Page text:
Originating in Wyoming in 1977 and spreading thereafter to all fifty states, including to Tennessee in 1994, the limited liability company (LLC) has become the most popular form of entity for newly created businesses in the United States. Particularly since the IRS’s adoption of “check the box” regulations twenty years ago, entrepreneurs are drawn to the LLC due to its flexibility. State LLC Acts, including Tennessee’s, contain primarily default provisions and very few regulatory provisions. This makes the private ordering of the LLC through the drafting of the operating agreement absolutely essential to defining the rights and responsibilities of the LLC’s members.
The TBA Business Law Section’s 2019 Annual CLE Forum helped business lawyers learn and refresh their knowledge about issues that may arise when drafting an LLC operating agreement. Topics include an overview of the two extant Tennessee LLC acts and a comparison of those acts with the Delaware LLC Act; other distinctions of Tennessee law that impact the operating agreement; drafting key provisions, including distribution and allocation, employee and member compensation, and exit rights; and ethical considerations for lawyers drafting LLC operating agreements.
This course features an overview of the Tennessee Limited Liability Act (the Prior Act) and the Tennessee Revised Limited Liability Act (the Revised Act), including an important reminder that the Prior Act is alive and well, remains effective, and continues to govern LLCs formed prior to January 1, 2006 that have not elected to be governed by the Revised Act. Specifically, the presentation addresses significant distinctions between the Prior Act and the Revised Act, including those with respect to: management paradigms; agency authority of members, managers, governors, directors, and officers; termination of membership interests; dissolution; and private ordering of affairs under LLC documents.
This program will feature an overview of the Delaware LLC Act and discuss some key distinctions between the Delaware and Tennessee acts. These include waiver and scope of fiduciary duties, management structures, agency rules, state franchise and excise taxes, and use of series LLCs. By the end of the session, attendees should have a better idea about when to recommend to clients that they form their LLC in Delaware rather than in Tennessee or another jurisdiction.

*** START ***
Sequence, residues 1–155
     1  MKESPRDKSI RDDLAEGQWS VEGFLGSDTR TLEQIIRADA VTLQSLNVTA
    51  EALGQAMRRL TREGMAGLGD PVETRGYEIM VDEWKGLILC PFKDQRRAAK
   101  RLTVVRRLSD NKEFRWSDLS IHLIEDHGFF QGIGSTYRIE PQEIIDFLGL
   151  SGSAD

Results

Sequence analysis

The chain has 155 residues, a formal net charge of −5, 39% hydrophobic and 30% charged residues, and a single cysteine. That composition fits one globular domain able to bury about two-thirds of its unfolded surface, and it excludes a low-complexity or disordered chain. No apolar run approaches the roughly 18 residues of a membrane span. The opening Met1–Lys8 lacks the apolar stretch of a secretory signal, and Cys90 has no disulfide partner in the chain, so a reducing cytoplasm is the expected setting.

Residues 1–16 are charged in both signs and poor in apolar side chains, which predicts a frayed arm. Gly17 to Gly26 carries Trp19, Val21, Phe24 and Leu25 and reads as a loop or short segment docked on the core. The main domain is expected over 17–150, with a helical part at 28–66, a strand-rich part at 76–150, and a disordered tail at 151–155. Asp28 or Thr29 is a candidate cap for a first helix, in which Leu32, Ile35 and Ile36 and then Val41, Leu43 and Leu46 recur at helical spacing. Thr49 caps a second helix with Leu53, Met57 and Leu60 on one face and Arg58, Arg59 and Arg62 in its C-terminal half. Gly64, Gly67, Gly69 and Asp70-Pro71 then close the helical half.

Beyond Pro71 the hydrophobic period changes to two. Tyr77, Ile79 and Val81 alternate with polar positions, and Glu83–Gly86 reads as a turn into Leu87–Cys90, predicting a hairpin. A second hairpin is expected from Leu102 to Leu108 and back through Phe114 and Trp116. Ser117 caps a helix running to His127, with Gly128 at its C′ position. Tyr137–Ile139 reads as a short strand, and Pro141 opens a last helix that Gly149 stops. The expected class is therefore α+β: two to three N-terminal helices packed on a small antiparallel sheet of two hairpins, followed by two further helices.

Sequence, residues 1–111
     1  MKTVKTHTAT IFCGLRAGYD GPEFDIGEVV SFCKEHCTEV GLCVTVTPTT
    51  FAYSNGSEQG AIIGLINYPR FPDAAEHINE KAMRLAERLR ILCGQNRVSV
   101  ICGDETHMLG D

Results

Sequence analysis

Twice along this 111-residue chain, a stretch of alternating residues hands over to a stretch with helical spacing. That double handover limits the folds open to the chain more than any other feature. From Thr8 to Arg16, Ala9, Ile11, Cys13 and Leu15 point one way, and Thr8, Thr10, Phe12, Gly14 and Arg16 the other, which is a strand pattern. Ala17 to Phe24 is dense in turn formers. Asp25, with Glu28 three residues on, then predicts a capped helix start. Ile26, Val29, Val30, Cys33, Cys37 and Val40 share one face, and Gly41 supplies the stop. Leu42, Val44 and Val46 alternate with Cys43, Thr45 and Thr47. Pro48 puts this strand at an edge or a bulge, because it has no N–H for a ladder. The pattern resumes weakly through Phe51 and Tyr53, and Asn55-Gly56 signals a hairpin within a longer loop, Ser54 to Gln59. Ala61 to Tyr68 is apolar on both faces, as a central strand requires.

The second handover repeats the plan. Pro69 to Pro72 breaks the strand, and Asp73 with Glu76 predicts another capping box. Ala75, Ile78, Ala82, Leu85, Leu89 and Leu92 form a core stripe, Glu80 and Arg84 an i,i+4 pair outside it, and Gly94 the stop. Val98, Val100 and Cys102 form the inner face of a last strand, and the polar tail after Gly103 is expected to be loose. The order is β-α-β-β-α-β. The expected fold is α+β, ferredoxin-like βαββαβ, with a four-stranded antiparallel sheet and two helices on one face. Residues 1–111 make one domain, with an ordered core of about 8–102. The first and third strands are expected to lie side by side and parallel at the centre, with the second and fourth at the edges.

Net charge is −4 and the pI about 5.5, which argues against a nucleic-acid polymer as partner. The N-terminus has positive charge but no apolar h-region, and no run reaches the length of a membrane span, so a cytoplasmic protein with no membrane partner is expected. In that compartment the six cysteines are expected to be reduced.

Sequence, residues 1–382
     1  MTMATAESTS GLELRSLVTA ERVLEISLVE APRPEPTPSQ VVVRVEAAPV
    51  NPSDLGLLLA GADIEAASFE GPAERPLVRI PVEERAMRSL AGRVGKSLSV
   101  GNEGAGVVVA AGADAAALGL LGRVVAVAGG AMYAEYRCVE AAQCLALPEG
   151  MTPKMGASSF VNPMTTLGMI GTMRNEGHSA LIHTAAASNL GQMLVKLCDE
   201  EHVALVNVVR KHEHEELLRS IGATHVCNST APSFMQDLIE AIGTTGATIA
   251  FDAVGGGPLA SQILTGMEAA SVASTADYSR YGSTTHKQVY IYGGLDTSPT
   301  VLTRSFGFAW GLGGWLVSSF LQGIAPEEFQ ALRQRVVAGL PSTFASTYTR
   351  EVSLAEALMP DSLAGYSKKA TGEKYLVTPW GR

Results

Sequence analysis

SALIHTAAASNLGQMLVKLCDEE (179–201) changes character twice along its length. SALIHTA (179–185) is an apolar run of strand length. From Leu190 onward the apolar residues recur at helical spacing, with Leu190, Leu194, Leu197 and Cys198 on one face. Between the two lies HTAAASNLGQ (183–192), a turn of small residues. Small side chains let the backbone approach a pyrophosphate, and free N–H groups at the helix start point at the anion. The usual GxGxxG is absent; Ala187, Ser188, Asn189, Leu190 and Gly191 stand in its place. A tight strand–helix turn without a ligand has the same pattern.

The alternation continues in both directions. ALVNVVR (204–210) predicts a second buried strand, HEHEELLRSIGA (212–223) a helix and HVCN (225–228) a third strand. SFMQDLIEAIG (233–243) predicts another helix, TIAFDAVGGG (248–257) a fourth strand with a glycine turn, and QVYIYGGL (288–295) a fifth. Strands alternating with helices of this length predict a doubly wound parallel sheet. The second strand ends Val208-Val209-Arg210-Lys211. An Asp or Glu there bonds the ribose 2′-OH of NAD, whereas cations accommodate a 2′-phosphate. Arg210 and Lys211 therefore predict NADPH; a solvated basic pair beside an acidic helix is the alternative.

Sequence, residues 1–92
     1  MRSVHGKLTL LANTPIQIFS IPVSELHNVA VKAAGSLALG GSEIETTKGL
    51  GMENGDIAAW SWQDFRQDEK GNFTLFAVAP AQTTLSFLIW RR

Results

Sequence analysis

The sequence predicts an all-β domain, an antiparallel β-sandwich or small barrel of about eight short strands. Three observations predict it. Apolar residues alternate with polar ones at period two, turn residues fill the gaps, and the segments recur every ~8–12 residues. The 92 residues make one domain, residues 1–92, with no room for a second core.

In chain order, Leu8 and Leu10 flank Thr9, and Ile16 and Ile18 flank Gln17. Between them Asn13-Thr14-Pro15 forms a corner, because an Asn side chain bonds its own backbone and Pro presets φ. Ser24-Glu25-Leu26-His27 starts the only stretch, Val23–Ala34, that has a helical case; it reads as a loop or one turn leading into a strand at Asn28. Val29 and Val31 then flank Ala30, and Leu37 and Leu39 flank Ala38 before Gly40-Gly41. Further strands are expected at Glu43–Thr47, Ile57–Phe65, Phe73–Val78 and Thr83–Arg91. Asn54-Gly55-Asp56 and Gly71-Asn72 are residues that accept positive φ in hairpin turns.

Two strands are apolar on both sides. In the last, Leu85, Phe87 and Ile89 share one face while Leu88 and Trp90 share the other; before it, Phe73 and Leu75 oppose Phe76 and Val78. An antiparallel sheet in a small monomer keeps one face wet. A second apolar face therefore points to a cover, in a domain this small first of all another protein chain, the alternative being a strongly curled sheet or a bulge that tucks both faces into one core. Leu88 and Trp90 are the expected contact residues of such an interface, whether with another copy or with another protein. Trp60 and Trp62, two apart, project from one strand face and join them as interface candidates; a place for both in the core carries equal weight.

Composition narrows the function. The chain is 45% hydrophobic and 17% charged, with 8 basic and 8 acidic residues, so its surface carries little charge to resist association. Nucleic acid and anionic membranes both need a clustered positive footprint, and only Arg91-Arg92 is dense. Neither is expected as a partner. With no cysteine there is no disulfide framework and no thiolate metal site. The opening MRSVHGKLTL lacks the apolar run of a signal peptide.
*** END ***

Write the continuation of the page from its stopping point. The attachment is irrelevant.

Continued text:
This session features experts on professional conduct and limited liability company practice, addressing common ethical quandaries encountered in drafting limited liability company operating agreements. Among the questions and dilemmas the panelists will cover are: whether a lawyer who does not practice tax law can and should draft limited liability company operating agreements, how a lawyer properly identifies the client in an engagement that includes drafting a limited liability company operating agreement, and the extent to which Tennessee lawyers can ethically provide advice to clients on the law of Delaware or other states—or to members who reside outside of Tennessee—in connection with the drafting of limited liability operating agreements.
For many business attorneys, the tax allocations and economic provisions of LLC operating agreements are a collection of mysterious paragraphs that the "tax people" will look at and not the domain of the business lawyer. However, these provisions can have substantial impacts on the members of an LLC. In this session, you'll learn about what these sections mean, why they are important, and the different approaches that can be used in drafting them.
This presentation will address issues specific to members who are also employees of an LLC and the provisions in an operating agreement addressing such issues. Among the topics to be covered are: considerations in deciding whether to make an employee a member, alternatives to granting membership interests to employees, ownership structure concerns, the interplay of rights and duties of an equity holder versus that of an employee, and the need for synchronization of operating agreements and employment agreements.
Exits of members from LLCs can be fraught with problems for a number of reasons. This session will discuss various areas for consideration to be included in operating agreements in an effort to facilitate an orderly departure of a member and minimize some of the risk when a member leaves—voluntarily or otherwise—an LLC. Some specific areas that will be covered are membership interest valuation methodology considerations, statutory rights, and special considerations with the departure of members who are also employees of an LLC.